The controversial Cyber Intelligence Sharing and Protection Act (CISPA) has enough votes to pass the House of Representatives, according to CISPA co-author Rep. Mike Rogers (R-MI). The House is scheduled to begin consideration of CISPA on Thursday, with a vote on the cybersecurity bill due no later than Friday afternoon.
“The good news is, we feel very confident we have the votes for the bill,” said Rogers during a conference call with reporters this afternoon. “What we’re trying to do now is make sure that there is a comfort level and transparency about what we are trying to accomplish. So this isn’t about scrambling to make sure we have 218 votes — we are well past that.”
Rogers added that he and fellow CISPA author Rep. Dutch Ruppersberger (D-MD) want to make sure “that people have a comfort level — not just members, but the public at large — about what we’re trying to accomplish here.” He says that once people find out “about what the threat is, what we’re trying to do, and how narrow it is, we’re getting plenty of support.”
At present, CISPA, which seeks to allow for greater sharing of “cyber threat intelligence” between the government and the private sector, has broad bi-partisan support, with 113 co-sponsors in the House. That is up from 106 co-sponsors at the end of March. The increase of seven co-sponsors has come amid a concerted campaign by a coalition of civil liberties groups, including the American Civil Liberties Union, the Electronic Frontier Foundation, and the Center for Democracy & Technology, to shut down CISPA, or force a number of changes to the bill that would better protect individual privacy. CISPA is also supported by hundreds of companies and trade groups, including Facebook, Microsoft, IBM, AT&T, Verizon, and others.
As support for CISPA has increased, so has the number of opponents. On Monday, a group of 18 congressional Democrats released a letter condemning CISPA for its lack of privacy protections, and urged Reps. Rogers and Ruppersberger to make the necessary changes to the bill. These Members were joined by a number of conservative interest groups, academics, engineers, and others, all of whom also warn of the privacy concerns they say are inherent in CISPA.
At the top of the opponents is President Barack Obama. The White House has repeatedly come out against legislation that does not properly protect privacy and civil liberties. But today, a unnamed “senior Obama official” told the Guardian that “The Obama administration opposes CISPA. The president has called for comprehensive cybersecurity legislation. There is absolutely a need for comprehensive cybersecurity legislation. [But] part of what has been communicated to congressional committees is that we want legislation to come with necessary protections for individuals.” This marks the first time the White House has called out CISPA by name.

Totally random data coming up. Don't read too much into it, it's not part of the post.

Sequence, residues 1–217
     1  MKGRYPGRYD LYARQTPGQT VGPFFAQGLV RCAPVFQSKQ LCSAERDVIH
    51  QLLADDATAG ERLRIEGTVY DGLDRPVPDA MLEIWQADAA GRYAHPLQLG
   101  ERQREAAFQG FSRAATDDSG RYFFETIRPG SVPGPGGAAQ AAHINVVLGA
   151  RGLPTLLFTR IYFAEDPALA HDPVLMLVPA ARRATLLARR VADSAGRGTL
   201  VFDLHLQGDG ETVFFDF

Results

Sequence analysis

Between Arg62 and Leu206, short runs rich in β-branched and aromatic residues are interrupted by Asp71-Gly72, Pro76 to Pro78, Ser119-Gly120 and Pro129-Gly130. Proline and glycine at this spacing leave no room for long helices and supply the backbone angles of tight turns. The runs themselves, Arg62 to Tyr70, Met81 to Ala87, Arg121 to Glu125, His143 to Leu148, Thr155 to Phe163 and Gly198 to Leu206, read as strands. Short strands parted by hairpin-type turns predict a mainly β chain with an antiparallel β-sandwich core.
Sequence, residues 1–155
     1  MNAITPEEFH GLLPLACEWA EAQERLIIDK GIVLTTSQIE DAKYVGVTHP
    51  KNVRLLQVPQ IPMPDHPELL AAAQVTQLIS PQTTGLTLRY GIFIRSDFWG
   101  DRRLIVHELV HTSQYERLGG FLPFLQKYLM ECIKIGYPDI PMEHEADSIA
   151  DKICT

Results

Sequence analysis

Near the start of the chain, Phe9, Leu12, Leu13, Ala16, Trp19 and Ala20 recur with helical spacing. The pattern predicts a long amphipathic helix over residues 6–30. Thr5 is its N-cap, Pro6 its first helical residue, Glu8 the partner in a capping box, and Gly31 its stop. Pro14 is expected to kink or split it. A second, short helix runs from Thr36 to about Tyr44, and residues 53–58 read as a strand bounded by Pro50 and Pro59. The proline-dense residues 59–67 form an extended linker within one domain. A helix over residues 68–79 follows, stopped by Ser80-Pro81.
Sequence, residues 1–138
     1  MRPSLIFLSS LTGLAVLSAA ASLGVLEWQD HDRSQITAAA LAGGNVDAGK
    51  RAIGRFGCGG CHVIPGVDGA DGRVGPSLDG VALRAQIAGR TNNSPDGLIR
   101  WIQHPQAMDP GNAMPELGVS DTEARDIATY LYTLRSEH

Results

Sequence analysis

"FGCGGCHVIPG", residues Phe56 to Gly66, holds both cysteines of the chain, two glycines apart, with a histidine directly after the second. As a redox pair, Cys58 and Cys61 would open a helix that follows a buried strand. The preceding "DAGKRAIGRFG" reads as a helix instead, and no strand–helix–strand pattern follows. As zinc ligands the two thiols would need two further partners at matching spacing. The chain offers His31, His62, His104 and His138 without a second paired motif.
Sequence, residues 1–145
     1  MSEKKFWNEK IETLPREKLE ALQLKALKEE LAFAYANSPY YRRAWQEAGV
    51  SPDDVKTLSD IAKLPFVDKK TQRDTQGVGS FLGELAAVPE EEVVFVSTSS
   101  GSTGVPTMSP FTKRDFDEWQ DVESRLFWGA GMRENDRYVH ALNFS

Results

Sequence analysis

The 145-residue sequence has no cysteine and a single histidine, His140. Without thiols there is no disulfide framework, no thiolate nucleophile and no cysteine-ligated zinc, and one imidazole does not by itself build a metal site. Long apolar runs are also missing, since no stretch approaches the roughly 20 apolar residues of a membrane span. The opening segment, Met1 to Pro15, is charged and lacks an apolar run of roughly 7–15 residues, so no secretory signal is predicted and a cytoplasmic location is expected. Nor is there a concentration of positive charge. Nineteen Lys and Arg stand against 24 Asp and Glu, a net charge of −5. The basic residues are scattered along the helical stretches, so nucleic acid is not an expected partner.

In response to the growing opposition, Rogers and Ruppersberger said they plan to propose four additional amendments to CISPA, which they believe will satisfy most of the bill’s critics. The changes will include tighter definitions concerning how information shared under CISPA can be used, increased oversight of the used of the information, and greater limits on what portions of the federal government may access the shared data.
The congressmen said that the Center for Democracy & Technology will release a statement later today in support of the changes, and that the CDT will no longer actively oppose the legislation. Update: The CDT has released its statement on the upcoming version of CISPA, saying that “good progress has been made” in terms of “privacy improvements,” but that “the bill falls short because of the remaining concerns – the flow of internet data directly to the NSA and the use of information for purposes unrelated to cybersecurity.”
“I am very pleased with where the bill stands today,” said Rogers in a statement. “Our bill is designed to help protect American companies from advanced foreign cyber threats, like those posed by the Chinese government. It has always been my desire to do that in manner that doesn’t sacrifice the privacy and civil liberties of Americans, and I am confident that we have achieved that goal. I appreciate all the constructive input we have received and I look forward to getting the bill passed by the House and signed into law. America will be a little safer and our economy a little better protected from foreign cyber predators once this measure is enacted.”
Check back with Digital Trends shortly for more details on the upcoming amendment proposals.